private consumption growth; oil and gas export; retail sale; current account deficit; high rates of inflation; average price of coal; Central Bureau of Statistics; higher crude oil price; intellectual property; science study; gross fixed capital formation; price of oil; macroeconomic policy framework; international good practice; barrels per day; high oil price; expenditure in education; expenditure education; quality of education; machinery and equipment; junior secondary level; annual average growth; social insurance program; credit rating agencies; national education quality; economic growth rate; physical capital accumulation; number of teachers; senior secondary level; real interest rate; global economic development; liquefied natural gas; investment in coal; quality of teacher; credit rating agency; foreign direct investment; consumer goods company; human capital development; capital goods import; component of investment; consumption of good; balance of payment; motor vehicle sale; export of goods; import of goods; government bond yield; household survey data; regional equity index; food price volatility; food price inflation; global economic growth; foreign portfolio investor; resources for education; consumer price inflation; long-term economic growth; price of crude; teacher performance appraisal; natural gas shortage; financial market volatility; financial market participant; export growth; import growth; palm oil; monetary policy; commodity price; goods export; government consumption; social spending; trade deficit; oil product; base metal; education outcome; goods trade; investment growth; coal consumption; high frequency; global financial; trade balance; Fuel Subsidies; household consumption; national account; global trade; vehicle investment; higher growth; downside risk; real gdp; coal price; social aid; Emerging economies; output growth; foreign tourist; communication sector; trade tensions; domestic demand; geopolitical tension; higher consumption; manufacturing sector; Power Generation; global commodity; processed food; edible oil; global growth; coal import; global supply; emerging economy; income account; production side; school size; fiscal deficit; banking sector; economic sector; price index; export volume; student learning; gross value; functionally illiterate; net export; la nina; school enrollment; swap agreement; rubber prices; core inflation; oil production; capacity constraint; student enrollment; real appreciation; electric vehicle; idle capacity; government revenue; prudential measures; shale oil; production loss; global demand; strategic guidance; oil demand; metal price; total trade; high remittance; policy reasons; coal usage; cleaner energy; electricity sector; energy intensity; energy intensities; price forecast; import cost; productivity growth; productivity gap; Macroeconomic Management; global merchandise; automotive fuel; household equipment; local actors; downward pressure; Hydro Power; administrative support; price cap; domestic production; Oil Export; environmental constraint; commodity producer; rising cost; education budget; global export; raw material; paper material; medium-term development; Social Welfare; agricultural product; paper product; global context; equipment investment; household expenditure; underdeveloped region; long-term growth; teacher competency; aggregate growth; quality education; expenditure growth; university degree; socioeconomic conditions; monetary condition; qualification criteria; risk financing; financial distress; public awareness; financing cost; effective action; protectionist measure; financial volatility; indian rupee; budget balance; high commodity; consumer confidence; car sale; consensus forecast; anecdotal evidence; electricity tariff; fiscal consolidation; government spending; improve revenue; fiscal management; credit worthiness; capital spending; trade flow; foreign currency; capital outflow; high spending; fiscal space; total collections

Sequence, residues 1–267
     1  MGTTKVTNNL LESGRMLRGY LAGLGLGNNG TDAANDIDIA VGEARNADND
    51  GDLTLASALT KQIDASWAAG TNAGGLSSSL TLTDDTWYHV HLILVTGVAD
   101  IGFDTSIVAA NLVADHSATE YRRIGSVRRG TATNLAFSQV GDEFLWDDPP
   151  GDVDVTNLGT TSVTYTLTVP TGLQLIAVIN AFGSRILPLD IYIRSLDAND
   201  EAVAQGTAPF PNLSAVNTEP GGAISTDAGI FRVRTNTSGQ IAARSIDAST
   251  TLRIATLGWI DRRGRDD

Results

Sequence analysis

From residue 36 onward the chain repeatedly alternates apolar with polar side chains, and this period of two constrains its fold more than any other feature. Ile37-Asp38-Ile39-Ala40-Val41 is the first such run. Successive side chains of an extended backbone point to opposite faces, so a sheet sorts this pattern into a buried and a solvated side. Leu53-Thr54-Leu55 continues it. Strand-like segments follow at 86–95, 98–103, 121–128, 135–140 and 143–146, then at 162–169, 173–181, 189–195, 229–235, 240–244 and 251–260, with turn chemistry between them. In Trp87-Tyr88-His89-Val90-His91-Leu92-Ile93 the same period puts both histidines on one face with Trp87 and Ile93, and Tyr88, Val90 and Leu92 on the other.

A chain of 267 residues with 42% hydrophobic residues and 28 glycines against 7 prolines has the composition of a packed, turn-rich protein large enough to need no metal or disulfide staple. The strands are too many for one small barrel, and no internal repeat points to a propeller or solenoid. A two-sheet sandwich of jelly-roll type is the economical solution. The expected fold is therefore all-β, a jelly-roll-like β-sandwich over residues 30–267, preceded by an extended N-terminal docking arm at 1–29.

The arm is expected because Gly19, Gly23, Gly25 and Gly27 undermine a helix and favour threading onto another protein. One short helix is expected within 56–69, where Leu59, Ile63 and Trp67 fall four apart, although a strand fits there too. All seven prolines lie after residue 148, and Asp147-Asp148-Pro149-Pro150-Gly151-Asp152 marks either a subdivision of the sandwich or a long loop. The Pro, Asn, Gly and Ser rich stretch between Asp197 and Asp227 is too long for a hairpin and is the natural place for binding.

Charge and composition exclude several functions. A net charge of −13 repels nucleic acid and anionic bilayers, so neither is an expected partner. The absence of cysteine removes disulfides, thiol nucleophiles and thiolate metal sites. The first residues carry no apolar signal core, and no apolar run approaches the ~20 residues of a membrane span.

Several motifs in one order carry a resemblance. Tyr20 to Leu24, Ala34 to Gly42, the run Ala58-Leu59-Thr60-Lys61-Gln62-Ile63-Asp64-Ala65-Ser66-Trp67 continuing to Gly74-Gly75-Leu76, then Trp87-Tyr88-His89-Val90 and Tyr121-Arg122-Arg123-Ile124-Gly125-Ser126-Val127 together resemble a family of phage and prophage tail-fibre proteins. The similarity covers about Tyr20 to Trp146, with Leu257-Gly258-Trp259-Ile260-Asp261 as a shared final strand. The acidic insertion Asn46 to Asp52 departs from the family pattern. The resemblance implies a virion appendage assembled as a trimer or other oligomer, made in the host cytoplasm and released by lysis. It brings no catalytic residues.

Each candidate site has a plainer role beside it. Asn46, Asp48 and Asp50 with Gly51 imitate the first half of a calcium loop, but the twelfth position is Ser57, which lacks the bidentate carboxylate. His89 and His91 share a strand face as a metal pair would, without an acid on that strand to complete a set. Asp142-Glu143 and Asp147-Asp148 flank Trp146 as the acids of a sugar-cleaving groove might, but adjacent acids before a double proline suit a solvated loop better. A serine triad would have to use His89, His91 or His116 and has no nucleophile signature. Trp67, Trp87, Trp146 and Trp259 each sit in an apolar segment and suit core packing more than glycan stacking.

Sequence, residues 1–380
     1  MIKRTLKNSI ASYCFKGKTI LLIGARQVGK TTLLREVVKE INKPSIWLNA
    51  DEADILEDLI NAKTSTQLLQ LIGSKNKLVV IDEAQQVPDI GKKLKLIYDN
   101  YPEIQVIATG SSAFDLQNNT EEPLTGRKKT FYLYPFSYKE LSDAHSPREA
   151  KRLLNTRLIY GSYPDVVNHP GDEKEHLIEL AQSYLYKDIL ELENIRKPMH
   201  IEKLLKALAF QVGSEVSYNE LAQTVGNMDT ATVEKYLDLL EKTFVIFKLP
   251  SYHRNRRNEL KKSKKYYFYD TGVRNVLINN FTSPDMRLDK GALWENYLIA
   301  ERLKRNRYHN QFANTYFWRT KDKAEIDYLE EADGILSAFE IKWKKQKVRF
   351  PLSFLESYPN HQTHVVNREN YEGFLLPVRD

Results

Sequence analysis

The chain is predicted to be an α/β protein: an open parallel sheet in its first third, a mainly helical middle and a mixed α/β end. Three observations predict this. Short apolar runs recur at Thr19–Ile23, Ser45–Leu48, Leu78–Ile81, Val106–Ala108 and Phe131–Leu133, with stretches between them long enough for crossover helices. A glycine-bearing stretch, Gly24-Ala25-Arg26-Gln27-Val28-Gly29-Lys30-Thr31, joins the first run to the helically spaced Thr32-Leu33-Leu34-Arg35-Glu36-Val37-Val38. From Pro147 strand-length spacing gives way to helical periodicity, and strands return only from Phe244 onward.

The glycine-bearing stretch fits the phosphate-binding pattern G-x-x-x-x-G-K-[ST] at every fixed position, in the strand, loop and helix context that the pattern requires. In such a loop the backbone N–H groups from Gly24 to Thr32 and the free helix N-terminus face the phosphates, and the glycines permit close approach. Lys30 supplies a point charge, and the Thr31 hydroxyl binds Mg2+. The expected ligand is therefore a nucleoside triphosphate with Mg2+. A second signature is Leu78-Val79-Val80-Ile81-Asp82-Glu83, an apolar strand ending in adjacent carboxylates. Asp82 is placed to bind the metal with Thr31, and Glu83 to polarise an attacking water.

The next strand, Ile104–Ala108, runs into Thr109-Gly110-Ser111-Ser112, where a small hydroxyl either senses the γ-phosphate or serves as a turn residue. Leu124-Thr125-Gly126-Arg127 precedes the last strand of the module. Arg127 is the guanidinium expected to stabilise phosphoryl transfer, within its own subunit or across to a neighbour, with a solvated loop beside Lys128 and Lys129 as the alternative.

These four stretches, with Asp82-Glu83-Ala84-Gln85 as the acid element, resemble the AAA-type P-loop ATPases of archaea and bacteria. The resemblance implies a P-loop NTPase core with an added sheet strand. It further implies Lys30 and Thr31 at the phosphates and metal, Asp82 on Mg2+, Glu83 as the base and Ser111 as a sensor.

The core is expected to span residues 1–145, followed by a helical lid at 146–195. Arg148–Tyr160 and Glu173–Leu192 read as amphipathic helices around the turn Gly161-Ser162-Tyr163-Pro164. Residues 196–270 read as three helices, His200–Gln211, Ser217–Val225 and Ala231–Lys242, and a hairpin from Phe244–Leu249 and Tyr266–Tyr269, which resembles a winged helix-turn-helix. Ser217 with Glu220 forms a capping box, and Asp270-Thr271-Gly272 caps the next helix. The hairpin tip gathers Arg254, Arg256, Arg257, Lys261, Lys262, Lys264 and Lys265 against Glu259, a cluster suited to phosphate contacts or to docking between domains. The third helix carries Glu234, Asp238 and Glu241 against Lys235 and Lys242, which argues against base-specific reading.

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Citation

Diop,Ndiame Gil Sander,Frederico

Indonesia economic quarterly : learning more, growing faster (English). Indonesia Economic Quarterly Washington, D.C. : World Bank Group. http://documents.worldbank.org/curated/en/305361528210283009/Indonesia-economic-quarterly-learning-more-growing-faster